Muscat: Water has always been a valuable resource for the Sultanate and as its demand rises, so must the supply, but the Public Authority for Water and Electricity (PAEW) has urged consumers to save water.
The #I_Commit campaign conducted by PAEW is aimed at encouraging residents and nationals to save water due to the fact that Oman’s water resources are scarce and invaluable.
The campaign seeks to reduce the consumption of water and give advice on how to efficiently use the resource.
“Water is a critical resource for life in Oman. Our economy, our environment and our day-to-day lifestyle needs water to flourish. In Oman, water demand is increasing every year,” said PAEW.
“This puts pressure on the water resources and the water production capacity of our assets,” they added.
Not only does using water efficiently allow saving water resources, but also allows saving money in hefty bills paid by each household. Currently, the price for water in residential buildings is 2 baizas per gallon from 1 to 5,000 gallons and 2.5 for consuming over 5,000 gallons of water.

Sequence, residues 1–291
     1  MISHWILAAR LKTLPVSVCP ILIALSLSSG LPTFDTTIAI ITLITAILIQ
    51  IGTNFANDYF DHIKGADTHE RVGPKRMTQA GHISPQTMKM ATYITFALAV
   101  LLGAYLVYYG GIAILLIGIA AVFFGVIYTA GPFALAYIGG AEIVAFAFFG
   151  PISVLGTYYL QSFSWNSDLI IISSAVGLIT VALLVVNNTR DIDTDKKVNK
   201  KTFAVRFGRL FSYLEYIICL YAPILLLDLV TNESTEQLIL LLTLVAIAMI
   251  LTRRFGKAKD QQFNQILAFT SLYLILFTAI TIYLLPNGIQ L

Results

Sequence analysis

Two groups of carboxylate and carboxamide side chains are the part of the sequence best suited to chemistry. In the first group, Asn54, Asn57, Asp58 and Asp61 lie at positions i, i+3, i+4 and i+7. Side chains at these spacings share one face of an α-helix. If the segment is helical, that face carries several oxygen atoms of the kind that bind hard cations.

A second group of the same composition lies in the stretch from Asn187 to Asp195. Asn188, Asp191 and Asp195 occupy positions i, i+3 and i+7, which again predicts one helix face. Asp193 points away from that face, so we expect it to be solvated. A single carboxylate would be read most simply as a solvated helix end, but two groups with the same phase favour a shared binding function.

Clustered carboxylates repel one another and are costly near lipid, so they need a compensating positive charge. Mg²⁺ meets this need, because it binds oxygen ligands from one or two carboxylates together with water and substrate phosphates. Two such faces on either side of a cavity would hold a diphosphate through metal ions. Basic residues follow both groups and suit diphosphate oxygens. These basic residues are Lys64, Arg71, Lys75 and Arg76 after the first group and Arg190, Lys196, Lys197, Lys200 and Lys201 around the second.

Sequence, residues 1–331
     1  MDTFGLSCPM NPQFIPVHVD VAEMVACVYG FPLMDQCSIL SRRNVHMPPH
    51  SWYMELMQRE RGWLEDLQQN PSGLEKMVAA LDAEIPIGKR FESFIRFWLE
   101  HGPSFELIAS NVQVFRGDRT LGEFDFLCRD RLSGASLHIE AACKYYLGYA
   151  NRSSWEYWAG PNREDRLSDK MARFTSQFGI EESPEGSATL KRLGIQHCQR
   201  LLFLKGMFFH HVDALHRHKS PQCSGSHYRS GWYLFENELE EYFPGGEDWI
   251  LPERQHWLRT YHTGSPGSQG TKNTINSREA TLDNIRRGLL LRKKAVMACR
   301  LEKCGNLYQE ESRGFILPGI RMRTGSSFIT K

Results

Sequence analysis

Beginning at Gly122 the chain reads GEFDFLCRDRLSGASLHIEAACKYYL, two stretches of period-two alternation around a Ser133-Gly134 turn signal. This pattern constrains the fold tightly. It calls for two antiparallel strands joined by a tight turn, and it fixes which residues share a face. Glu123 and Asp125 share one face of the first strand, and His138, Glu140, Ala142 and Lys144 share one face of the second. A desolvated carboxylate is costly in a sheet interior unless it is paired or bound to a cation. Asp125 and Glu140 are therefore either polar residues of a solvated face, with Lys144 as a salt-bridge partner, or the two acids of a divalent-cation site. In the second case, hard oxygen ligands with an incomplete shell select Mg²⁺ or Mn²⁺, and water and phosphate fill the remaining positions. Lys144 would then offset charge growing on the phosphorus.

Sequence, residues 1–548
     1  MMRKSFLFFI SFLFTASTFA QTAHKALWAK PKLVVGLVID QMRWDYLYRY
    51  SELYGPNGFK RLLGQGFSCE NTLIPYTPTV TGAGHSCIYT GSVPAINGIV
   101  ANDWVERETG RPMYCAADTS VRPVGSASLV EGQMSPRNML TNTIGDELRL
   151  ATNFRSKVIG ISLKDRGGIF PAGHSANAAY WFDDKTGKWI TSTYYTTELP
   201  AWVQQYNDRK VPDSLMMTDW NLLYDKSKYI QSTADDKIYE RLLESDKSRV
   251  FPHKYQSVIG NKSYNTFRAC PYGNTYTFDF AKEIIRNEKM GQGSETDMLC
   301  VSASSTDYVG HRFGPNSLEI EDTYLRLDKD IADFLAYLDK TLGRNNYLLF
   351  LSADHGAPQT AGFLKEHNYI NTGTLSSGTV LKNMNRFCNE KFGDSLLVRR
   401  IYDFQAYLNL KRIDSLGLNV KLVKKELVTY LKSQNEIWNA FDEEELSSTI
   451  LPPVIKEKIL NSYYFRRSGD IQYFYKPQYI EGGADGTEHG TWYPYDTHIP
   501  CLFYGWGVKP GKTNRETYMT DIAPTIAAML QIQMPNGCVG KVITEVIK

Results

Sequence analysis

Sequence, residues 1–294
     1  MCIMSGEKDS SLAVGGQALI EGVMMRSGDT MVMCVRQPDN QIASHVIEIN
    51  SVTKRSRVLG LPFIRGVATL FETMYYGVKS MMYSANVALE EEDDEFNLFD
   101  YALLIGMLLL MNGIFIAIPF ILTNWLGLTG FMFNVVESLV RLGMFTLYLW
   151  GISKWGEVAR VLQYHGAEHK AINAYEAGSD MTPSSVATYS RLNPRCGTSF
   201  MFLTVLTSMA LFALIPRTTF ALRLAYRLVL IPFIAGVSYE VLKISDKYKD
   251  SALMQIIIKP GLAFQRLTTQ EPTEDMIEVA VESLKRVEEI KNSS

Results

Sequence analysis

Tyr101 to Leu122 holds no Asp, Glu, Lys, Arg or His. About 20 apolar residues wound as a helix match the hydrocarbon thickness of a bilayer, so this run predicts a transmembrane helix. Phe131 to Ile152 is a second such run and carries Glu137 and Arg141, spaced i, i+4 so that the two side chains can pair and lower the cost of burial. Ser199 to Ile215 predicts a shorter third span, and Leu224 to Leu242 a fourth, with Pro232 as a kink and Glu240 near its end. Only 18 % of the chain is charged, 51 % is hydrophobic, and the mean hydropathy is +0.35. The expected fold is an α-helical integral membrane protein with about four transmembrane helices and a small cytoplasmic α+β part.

PAEW has advised the public to refrain from continuously running the tap during activities, such as brushing teeth, washing dishes, washing fruit and vegetables and shaving which could save them gallons of water and help go easy on their water bill.
“Turning off the water while brushing your teeth can save 25 gallons a month. In most of the situation you are going through, you can reduce the use of water,” explained PAEW.
Currently, approximately 60 per cent of the Sultanate is covered by a water network and the target for 2016 is to increase this coverage to 64 per cent, while 90 per cent coverage is planned for the next two decades.
“We have been experiencing in the last few years a rapid and continuous growth in water demand where there is a 15 per cent increase on average per year as a result of robust economic and demographic growth in Oman,” said PAEW.
In 2015, large desalination plants produced 228.6 million cubic metres of water, while small desalination plants produced 11 million cubic meters during the same year. Wells accounted for 61.4 million cubic metres of water produced.
171.95 million cubic metres of water have been distributed through the network, up from 159.49 million cubic metres in 2014, while 25.45 million cubic metres have been distributed by tankers, compared with 25.04 million cubic metres in 2014.
As a result, water distribution grew by 7 per cent in 2015, according to PAEW.